Social Animals

Social networking promises huge changes to how we play games.

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Everyone understands that social networking is one of the most important consumer trends of the past five years. Different networks may rise and fall in popularity - with Facebook presently still ascending while MySpace's star wanes, for example - but social networking itself is an inexorable force.

Many people within the games space feel, intuitively, that there must be a way of marrying social networking and videogames together. The connections between the two are obvious, after all. The demographic is roughly the same, with the age and income groups which embrace Facebook corresponding closely to those that most often play videogames.

Social network users play some games - witness the success of titles like Mafia Wars, Pet Society or the perennial favourite Bejeweled on Facebook. Game players do some social networking, too. What are Xbox Live and PSN if not rudimentary social networks? All logic suggests that there must be a way to bring the two worlds closer together, to integrate games and social networks in a way that makes both experiences better.

Even the platform holders are excited about the potential for social networking to tie into games. At E3, Microsoft proudly announced integration of Facebook, music network Last.fm and Twitter with Xbox Live. The latter pair are fairly irrelevant, admittedly. Last.fm is solely a music service, while Twitter isn't actually a social network at all - it's a one-to-many broadcast system, which isn't quite the same thing.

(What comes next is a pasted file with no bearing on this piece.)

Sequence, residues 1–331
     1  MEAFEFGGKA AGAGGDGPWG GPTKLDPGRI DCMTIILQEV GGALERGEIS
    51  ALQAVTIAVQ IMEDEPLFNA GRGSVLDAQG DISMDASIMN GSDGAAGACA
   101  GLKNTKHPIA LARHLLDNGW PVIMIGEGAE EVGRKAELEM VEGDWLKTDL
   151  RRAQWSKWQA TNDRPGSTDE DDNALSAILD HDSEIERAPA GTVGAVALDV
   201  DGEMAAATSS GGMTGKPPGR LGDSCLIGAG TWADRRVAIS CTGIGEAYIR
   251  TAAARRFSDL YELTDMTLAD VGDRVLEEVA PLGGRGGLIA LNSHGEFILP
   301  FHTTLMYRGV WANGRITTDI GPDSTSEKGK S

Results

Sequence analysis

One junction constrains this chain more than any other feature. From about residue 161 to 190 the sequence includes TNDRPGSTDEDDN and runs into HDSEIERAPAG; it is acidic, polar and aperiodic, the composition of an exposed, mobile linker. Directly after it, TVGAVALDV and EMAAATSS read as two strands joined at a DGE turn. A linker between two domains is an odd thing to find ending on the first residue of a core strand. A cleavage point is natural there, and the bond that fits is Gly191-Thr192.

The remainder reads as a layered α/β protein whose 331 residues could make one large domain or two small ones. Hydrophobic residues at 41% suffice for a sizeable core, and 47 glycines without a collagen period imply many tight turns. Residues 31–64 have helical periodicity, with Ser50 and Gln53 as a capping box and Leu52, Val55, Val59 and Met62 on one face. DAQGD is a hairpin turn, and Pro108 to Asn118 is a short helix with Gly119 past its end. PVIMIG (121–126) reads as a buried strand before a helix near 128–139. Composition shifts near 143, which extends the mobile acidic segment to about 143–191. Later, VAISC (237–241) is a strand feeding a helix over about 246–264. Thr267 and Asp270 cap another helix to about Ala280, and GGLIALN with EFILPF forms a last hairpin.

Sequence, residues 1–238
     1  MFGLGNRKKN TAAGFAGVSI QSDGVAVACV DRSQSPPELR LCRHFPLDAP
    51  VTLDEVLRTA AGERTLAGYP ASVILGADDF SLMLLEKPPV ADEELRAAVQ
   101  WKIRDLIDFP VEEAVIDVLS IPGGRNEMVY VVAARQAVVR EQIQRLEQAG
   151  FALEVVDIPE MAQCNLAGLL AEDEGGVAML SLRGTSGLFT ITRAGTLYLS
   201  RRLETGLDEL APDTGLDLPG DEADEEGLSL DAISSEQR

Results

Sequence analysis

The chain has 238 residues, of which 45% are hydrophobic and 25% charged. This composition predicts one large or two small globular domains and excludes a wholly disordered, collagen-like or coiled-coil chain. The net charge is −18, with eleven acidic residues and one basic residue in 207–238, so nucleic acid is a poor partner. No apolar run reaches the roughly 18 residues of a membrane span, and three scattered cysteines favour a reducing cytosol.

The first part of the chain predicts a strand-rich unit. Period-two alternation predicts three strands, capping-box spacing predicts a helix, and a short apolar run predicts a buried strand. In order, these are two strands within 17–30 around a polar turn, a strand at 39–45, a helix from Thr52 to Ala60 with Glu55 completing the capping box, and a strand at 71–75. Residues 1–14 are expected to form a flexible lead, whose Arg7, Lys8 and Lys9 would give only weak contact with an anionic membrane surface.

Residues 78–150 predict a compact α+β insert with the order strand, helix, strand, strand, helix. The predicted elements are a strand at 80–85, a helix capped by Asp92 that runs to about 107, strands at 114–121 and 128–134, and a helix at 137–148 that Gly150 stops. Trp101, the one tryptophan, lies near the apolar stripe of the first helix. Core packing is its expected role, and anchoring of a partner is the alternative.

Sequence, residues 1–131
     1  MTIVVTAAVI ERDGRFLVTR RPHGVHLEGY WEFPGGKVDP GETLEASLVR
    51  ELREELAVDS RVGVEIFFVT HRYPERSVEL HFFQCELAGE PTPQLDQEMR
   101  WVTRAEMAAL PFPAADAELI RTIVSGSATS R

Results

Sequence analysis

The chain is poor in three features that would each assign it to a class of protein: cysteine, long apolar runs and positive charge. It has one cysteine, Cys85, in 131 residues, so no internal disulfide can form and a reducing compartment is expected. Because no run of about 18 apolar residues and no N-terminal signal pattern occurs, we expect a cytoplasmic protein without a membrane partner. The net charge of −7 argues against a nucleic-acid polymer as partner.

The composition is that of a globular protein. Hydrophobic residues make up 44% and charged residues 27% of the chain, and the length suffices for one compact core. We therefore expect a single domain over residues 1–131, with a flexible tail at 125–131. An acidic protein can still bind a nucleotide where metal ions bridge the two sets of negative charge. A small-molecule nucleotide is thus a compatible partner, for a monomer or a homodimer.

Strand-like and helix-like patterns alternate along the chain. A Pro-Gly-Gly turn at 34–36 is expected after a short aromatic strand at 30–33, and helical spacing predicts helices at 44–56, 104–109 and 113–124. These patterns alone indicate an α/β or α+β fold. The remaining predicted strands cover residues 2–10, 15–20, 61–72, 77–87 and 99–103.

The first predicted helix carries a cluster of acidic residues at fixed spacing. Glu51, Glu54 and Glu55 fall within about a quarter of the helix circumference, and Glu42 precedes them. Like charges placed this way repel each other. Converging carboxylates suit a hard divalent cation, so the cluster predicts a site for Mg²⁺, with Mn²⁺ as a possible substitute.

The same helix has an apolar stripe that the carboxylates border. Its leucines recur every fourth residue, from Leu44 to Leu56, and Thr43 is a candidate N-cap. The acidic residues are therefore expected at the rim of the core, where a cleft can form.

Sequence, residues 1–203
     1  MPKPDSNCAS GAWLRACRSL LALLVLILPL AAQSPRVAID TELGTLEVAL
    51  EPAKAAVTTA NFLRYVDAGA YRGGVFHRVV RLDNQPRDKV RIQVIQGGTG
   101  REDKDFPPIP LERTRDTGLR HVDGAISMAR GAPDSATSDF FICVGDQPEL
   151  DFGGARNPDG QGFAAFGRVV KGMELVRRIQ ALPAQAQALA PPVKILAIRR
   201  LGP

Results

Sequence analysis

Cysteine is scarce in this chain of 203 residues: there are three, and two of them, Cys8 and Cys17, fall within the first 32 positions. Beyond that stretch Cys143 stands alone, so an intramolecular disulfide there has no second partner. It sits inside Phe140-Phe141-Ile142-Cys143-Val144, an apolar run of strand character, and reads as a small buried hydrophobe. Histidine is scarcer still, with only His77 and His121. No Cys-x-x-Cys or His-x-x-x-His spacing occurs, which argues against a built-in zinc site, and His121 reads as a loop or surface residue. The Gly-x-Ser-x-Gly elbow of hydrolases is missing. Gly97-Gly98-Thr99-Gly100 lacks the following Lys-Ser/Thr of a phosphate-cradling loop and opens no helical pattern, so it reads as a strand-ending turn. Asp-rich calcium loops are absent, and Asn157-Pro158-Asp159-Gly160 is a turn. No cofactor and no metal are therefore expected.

Despite the noise around Microsoft's announcement, Sony is actually quite far down this path already. The PS3's OS includes the ability to capture in-game videos and post them directly to YouTube, which is arguably more interesting than having a cut-down Facebook site on your console. However, I'd argue that neither company is remotely close to tapping into the genuine potential of social networks and gaming. They're not even scratching the surface; rather, they're scrabbling slightly desperately at the surface with blunt fingernails.

The breakthrough in this space, and the real profitability, will not come from anything as straighforward as putting social network access onto a device. Rather, it's going to require very clever designers and businessmen to sit down and think about how people interact with game consoles, how they interact with social networks and online services, and how those interactions can be built into gameplay systems.

Some developers already do rudimentary things with Facebook which are incredibly powerful at driving re-visits to games. PopCap's Bejeweled updates you when your score is beaten by a friend, and allows you to send taunting messages directly to friends whose scores you have just passed. Several of the "virtual pet" games reward you for visiting the pets of your friends and interacting with them every day. Games like Mafia Wars organise friends into "families" who encourage each other to continue playing, since the group advances more quickly when everyone contributes.

These are simple examples, but Facebook developers are already finding that they can drive their unique user figures into the millions. Remarkably few videogames achieve this kind of sustained return-visit appeal - but with business models in flux and developers increasingly thinking about microtransaction, subscription and advertising-based revenue models, sustaining return-visit numbers ought to be high on the agenda of any good game designer.

What, then, are the key lessons that social networking is already teaching? The first, quite simply, is about reach. Despite big talk over the past decade, developers still haven't quite worked out how to make videogame experiences jump off the console and follow you around.

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